The smell of woodsmoke chases through the town on the tail of the hard wind like the ghost of a warm fire searching for a place to sit down. I am unsure if it’s smoke blown down the long river bed from the charcoal burner’s works or from the cumulative fireplaces of Serra San Bruno, long and narrow; clustered along both sides of the river like Lancelot and Guinevere on either side of Arthur’s sword. Robin and I go out and take our walk in the wind and smoke…amidst the baroque granite landmarks remains the rest of the town, getting on with it’s normal life in the south:

There is a store that sells real fruit and fake flowers, the sales woman inside is wearing her winter coat and a hat, the small heating stove is off, we are the only customers I have seen in this store in a week of passing by the door twice a day. The saleswoman will not take my money, she gives Robin an apple for free. This is Calabria.

Corner in Serra San Bruno
Corner in Serra San Bruno
Side of a house facing the river Serra San Bruno
Side of a house facing the river Serra San Bruno

We keep walking and pass by facades of ridged brick both holding up and falling down, the sad leftovers of Mussolini’s vision, shoving up against both the slender, solid granite posts of the old houses that support gracious granite arcs as well as the concrete walls of apartment blocks made to ward off both earthquake and beauty; battened down with corrugated steel that sends streams of rust enriched rain water down into the flaking plaster of the house next door.

Brick Facades Serra San Bruno
Brick Facades Serra San Bruno

What a place. And next we’ll be going to another paradoxically beautiful and squalourous Calabrian town, Caulonia.

Matthew is anxious to get back to Caulonia because there are many other things that need to be worked on there. On the one hand, it’s been a real break for me, staying in a hotel; there are other people doing the cooking and cleaning and lots of big spaces for Robin to explore as well as lots of new people to make friends with. Still, I think we are all ready to be in a place where we can wake up in the morning, make our own coffee and drink it in bed. So we’re looking forward to being in Caulonia where we can stay in an apartment with a kitchen.

Calabria Chronicles: Serra San Bruno

posto degli carbonai
posto degli carbonai

We made it to Calabria about a month ago. Robin was wonderful on the airplane; she sat on my lap for the whole flight without much wriggling at all, ate chips, drank juice, and looked at the Easy Jet magazine. It happened that there were lots of other kids on the plane and the older ones ran up and down the aisle paying her occasional visits complete with kisses and games of peek-a-boo.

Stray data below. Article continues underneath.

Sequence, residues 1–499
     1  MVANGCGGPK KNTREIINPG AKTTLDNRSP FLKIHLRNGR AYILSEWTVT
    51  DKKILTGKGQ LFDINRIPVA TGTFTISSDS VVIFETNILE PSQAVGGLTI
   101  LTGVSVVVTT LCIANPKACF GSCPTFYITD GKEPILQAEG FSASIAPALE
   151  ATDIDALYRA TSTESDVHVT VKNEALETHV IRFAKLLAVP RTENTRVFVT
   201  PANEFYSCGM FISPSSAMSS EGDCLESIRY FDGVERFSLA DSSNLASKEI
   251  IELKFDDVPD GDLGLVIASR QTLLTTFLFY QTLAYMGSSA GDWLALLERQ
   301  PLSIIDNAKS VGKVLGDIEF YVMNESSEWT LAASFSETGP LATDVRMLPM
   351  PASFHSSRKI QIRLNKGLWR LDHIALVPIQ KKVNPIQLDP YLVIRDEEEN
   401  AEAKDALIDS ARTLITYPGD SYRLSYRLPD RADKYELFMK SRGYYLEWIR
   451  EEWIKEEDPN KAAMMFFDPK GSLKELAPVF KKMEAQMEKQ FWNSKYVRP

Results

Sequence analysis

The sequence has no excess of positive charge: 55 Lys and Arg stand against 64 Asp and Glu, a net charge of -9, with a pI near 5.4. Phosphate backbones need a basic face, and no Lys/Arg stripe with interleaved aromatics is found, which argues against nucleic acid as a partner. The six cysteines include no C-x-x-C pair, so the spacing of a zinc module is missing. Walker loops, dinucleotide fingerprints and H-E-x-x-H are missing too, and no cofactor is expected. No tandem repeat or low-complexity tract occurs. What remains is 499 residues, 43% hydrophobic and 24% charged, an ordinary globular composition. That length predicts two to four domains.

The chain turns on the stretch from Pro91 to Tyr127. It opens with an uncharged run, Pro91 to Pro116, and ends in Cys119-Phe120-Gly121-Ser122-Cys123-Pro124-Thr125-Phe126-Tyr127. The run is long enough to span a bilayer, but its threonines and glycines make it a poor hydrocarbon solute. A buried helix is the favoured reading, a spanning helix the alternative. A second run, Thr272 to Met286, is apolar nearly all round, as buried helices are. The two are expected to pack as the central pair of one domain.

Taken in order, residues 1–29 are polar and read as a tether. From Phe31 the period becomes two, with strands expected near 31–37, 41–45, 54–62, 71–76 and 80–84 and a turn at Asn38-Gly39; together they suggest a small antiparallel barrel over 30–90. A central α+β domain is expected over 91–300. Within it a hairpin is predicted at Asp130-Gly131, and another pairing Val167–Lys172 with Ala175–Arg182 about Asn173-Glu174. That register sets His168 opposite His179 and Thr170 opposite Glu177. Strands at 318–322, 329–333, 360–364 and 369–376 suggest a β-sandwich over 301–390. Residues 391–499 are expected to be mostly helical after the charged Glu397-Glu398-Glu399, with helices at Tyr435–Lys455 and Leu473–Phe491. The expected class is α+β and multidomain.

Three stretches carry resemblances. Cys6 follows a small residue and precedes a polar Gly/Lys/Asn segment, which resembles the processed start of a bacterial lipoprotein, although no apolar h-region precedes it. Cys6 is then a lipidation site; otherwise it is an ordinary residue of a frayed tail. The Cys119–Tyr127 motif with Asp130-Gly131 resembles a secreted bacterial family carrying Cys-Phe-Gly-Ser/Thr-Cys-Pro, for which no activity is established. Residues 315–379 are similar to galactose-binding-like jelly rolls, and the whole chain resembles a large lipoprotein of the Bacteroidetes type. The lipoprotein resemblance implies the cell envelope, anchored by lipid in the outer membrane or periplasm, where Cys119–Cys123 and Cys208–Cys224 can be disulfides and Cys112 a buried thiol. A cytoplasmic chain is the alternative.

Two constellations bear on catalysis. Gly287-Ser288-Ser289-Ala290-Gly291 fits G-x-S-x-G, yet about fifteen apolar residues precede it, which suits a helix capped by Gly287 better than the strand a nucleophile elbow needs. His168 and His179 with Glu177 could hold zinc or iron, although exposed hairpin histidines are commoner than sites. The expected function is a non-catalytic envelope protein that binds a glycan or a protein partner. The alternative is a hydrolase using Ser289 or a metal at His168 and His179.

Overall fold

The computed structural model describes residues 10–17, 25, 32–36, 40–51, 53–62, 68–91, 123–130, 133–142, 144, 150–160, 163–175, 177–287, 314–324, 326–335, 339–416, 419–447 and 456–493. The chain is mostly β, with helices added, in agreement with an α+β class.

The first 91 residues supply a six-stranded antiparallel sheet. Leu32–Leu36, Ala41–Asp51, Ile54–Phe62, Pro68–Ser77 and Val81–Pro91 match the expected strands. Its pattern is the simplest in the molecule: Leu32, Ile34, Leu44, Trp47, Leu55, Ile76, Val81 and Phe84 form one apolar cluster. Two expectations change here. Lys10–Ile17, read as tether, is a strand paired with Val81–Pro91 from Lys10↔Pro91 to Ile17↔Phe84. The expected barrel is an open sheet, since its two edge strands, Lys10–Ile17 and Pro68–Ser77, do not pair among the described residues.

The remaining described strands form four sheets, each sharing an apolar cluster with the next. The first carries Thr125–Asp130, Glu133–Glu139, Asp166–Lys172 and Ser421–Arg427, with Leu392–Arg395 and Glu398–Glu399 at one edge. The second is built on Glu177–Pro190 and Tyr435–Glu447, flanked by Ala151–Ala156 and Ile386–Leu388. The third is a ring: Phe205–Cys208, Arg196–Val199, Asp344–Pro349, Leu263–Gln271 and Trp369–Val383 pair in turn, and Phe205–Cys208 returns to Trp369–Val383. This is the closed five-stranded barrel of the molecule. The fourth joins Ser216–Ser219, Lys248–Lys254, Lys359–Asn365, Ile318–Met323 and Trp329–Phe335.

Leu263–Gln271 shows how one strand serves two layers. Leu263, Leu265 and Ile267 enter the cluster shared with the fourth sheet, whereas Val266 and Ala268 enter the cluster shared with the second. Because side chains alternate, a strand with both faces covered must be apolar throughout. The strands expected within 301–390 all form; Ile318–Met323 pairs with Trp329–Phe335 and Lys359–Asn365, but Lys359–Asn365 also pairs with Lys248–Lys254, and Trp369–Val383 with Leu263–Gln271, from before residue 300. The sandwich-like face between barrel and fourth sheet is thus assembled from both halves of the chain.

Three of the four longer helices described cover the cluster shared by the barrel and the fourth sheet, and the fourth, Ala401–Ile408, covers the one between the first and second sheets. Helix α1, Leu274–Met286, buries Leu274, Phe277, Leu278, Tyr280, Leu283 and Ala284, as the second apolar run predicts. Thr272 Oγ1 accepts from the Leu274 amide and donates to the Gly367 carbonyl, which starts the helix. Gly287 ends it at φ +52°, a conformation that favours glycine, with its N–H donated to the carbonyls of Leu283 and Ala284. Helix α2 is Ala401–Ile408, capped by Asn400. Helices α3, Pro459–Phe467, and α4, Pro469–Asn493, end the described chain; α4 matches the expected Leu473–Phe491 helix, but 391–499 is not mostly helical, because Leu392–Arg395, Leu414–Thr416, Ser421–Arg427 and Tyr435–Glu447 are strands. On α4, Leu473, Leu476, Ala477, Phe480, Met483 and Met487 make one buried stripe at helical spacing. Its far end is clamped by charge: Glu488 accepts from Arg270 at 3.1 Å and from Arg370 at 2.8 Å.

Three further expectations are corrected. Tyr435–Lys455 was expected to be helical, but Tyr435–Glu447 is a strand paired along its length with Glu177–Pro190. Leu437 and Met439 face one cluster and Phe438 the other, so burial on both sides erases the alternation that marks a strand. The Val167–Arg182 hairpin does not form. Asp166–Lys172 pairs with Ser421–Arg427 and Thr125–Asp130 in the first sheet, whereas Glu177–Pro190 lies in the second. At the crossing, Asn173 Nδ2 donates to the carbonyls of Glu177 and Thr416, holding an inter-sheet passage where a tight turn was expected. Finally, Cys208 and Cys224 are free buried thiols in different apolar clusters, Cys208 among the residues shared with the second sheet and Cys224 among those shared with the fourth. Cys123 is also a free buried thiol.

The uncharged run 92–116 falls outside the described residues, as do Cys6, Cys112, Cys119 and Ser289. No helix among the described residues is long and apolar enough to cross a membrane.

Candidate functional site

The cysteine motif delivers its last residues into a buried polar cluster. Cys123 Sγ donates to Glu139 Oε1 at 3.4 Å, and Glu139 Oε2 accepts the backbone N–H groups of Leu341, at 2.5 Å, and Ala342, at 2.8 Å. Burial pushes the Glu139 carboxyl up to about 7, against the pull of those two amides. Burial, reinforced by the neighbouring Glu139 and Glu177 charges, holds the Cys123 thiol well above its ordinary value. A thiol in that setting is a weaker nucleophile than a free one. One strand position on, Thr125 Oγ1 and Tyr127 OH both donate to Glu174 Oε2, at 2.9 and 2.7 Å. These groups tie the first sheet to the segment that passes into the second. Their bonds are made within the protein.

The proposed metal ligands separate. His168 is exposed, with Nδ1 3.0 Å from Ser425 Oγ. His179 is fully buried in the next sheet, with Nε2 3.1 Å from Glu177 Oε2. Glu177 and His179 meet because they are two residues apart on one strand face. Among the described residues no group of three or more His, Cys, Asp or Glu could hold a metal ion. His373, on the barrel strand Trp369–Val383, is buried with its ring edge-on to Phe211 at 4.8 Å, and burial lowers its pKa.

We arrived right on time and Matthew was there about 2 minutes after we walked through the exit door. Robin was very excited and we were all very happy to see each other. We went immediately for a slice of pizza because it was 1:30 by then and we were beyond starving! Then we got chips and hot water to go and packed ourselves into the van.

As we started down the road Robin talked to her dad while I ate a huge orange (one of several that were in the car). This part of Italy is orange country and this is the season for them. People give them away by the sack full and this one was really delicious. I had forgotten what spring looked like. Up north we still had snow in spots and frost on the fields every morning where standing water was dull with ice. Things had just begun to turn that hopeful shade of gray that presages green the week before we left. Here, in the far south, there were lush swaths of green grass poking up around olive trees as big as live oaks. It was a pleasure to see these trees again, two and three hundred years old they dwarf the smaller olive trees of Tuscany and as torqued as the trunks and branches are it is easy to imagine them as more than trees. church in serra san bruno

Bobbie eats cookies
Bobbie eats cookies

In Serra San Bruno Bobbie and I took a walk every day. First we would stop at the piazza which is closest to the hotel. There is a church façade covered in scaffolding, some benches and it is here that we stop for cookies. Then Robin goes up and down the steps of the church, occasionally stepping inside the door where she’s been heard to say (unprompted): “No more church for MY daughter.

The Lion Fountain, Serra San Bruno

Our next stop is the “Lion Fountain” where Bobbie can put her hand in the running water and beep the noses of the lions that are not spitting water. On the way we pass this lyrical baroque church façade carved surprisingly in unlyrical granite. The contrast of the form and the material is pleasantly diverting to the eye.

Baroque Granite, Serra San Bruno

International Poetry Month Submission

In celebration of International Poetry Month, the following poem was submitted by:

Georgianna Krieger

There are small pieces of joy which flutter
through your fingers and
drift about your eyelashes
like windborn cinders, still warm
from the blaze they were born in
yet unable to ignite
even the smallest whisper of a flame

And you forget they are there
because the blizzard is pelting your cheeks,
the wind burns your eyes
your fingers are numb and stinging from the cold
at the same time
even though this cannot be

So, you have forgotten joy,
but the small particles (little bastards)
follow you
just the same

poem copyright 2009 Georgianna Krieger (all rights reserved to the author)

La (Nuova) Fontana a Cannobio

Detail of the New Fountain
Detail of the New Fountain